Another night another movie. Keeping up the Christmas illusion, I suggested Home Alone. As I watch, the others feign attention by pointing their bodies in the direction of the television while looking down at their small screens. My mother, showing incredible adaptability to the media age to come, still reacts and laughs at the comedic beats. As I’m the only one really watching, I wonder if she’s laughing for me or if it’s a force of habit, a program running in the background. Watching both the young boy and the robbers get frightened by the black and white gangster movie, I think of the mythic story of first-time moviegoers running out of the theater after seeing the Lumiere Brothers train coming at them full steam ahead. We’re not running anymore, we’re simply averting our eyes.
Coming in from the barn with a handful of freshly laid chicken eggs of all colors I hear my mother and her husband in a tense moment. Ever caring, she says, “Do you need some scroll time?” “No,” he responds sharply. As she comes into the kitchen the muffled sounds of clipped social media videos stream in behind her from the corner of the living which he’s turned into a makeshift man cave, complete with a replica model of the leg lamp from A Christmas Story. Looking for some self-soothing of my own, I take my phone out. There isn’t much to do because I’ve deleted all my social media apps while I’m out here. Airplane mode on the ground; stuck on the runway with my little nephew.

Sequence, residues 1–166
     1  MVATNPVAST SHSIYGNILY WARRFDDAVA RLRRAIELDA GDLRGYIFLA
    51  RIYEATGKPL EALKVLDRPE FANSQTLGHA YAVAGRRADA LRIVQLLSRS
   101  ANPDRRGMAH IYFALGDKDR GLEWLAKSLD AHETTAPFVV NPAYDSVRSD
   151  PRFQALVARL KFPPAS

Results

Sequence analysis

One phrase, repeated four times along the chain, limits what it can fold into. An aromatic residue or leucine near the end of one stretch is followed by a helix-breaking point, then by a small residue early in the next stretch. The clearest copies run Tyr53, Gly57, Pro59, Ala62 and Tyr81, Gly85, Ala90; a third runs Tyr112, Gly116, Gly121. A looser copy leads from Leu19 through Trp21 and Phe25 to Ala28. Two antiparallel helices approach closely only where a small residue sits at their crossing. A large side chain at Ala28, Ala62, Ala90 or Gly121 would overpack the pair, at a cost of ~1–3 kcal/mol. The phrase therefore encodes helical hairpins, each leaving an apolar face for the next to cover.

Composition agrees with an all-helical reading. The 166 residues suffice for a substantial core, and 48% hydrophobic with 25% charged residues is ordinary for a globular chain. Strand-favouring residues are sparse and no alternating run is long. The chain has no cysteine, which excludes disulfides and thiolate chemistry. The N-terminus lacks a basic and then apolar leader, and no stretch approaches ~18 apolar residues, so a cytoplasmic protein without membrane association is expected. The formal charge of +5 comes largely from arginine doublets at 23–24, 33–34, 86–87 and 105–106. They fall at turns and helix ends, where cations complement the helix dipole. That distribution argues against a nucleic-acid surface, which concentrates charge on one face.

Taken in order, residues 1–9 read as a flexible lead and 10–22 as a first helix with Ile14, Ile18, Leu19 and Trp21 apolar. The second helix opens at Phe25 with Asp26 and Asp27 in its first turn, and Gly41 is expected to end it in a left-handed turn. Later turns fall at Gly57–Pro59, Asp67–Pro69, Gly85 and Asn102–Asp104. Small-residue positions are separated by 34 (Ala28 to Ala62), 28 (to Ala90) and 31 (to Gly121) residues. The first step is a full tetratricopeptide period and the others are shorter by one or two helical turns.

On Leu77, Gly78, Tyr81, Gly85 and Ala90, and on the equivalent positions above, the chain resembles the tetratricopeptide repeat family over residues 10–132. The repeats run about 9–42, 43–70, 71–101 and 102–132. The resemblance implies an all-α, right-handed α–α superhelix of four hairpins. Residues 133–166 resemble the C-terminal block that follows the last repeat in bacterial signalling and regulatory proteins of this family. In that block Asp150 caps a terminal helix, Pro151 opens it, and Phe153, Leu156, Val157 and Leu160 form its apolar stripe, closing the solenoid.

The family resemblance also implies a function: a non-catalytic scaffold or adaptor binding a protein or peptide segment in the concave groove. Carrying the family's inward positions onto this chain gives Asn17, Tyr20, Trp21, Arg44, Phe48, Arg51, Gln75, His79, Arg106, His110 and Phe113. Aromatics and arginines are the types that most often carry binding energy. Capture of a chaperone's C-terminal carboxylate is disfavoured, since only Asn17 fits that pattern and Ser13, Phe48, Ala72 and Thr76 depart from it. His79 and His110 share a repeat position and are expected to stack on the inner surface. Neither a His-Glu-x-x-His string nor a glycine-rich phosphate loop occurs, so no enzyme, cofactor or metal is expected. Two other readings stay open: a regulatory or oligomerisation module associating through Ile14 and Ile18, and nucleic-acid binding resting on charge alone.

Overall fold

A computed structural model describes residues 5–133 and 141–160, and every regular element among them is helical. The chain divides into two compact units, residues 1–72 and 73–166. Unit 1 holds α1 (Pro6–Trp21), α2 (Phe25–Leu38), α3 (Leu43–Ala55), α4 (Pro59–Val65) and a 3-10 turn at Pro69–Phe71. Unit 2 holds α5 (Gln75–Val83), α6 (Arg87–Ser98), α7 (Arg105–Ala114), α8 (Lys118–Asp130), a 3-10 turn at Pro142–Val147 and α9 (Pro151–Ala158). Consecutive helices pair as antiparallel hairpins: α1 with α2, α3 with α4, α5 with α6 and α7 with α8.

Giving thanks, we do our thanking and giving by giving one another a meal the day before actual Thanksgiving on our pre-Thanksgiving Thanksgiving (and Christmas) family trip. Meal preparation program loaded, everyone is busy all morning and early afternoon completing their tasks. Like any software, there are occasional bugs and glitches, but fixes are deployed in the form of a giggling baby boy surrounded by family helping his grandmother roll pie dough. This program doesn’t leave room for idle hands, not a moment to spare for scrolling, everyone’s ears and eyes must be alert. For now, the technology fades into the background. Give it another day and we’ll be back to the occasional Facetime call to make sure we all still know what each other looks like.
As I tap the first threads of this into my notes app on the car ride to the airport at the end of my trip I notice my nephew staring at my fingers. A force of habit at this point, I quickly put my phone down. I make a funny face at him and he smiles. Watching him watch the landscape scroll by outside the car window I think about the shrinking distance between physical and virtual spaces, and if when he’s my age there will even be a distinction. I’m sure, as I am now, he’ll be using his technology to critique the next.